During the week he gave several presentations focusing on Corps values and how they relate to the civilian community. Being from a similar background as many of the students he was talking to, he hoped his experience as a Marine and a fighter pilot opened a few eyes to what the Corps has to offer.

“I gave them my background and how I got here. My goal was to let them see that I came from humble beginnings, from a historically black college myself,” said Ghee, from Dallas, Texas.

Participating in events like the CIAA tournament will pay dividends for the Marine Corps explained Ghee. The leadership talent the tournament attracts combined with the networking the Corps was able to do will only help the Marines reach out to the diverse community it is looking for he said.

It’s the strong ties built with the communities that makes participating in an awareness event like that a success he explained.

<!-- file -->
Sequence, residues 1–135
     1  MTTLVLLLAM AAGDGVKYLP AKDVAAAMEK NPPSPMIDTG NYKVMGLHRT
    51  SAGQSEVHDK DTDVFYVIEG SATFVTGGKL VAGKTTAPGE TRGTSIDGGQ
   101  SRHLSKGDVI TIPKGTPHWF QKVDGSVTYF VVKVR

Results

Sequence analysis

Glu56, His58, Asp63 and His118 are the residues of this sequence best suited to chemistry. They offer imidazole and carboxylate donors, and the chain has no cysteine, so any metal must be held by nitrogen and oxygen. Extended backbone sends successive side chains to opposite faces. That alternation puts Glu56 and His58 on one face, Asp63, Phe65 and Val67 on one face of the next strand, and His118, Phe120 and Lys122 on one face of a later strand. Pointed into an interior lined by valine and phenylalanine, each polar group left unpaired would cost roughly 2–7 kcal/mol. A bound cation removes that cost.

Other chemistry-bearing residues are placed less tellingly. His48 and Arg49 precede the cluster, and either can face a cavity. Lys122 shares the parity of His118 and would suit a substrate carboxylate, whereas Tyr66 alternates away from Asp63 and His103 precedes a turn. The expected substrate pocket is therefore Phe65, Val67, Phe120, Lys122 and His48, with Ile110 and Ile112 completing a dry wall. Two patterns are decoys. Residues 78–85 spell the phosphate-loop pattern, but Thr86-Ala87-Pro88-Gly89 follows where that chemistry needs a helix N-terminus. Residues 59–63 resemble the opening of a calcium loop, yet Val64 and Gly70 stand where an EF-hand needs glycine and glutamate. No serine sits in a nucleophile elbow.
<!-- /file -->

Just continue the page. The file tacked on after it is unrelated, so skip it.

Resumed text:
“The Marine Corps’ diversity campaign is on the right track by talking to these schools and colleges. But it’s a success for the networks we’re building in the community that will pay big dividends. For example, we’ve had people throughout the week asking questions about how they could show why the Marine Corps is an option for their students,” Ghee explained.

Another Marine who volunteered his time throughout the week was Capt. Gavin Henry, officer-in-charge Field Training Company, Weapons and Field Training Battalion at Marine Corps Recruit Depot/Eastern Recruiting Region Parris Island, S.C.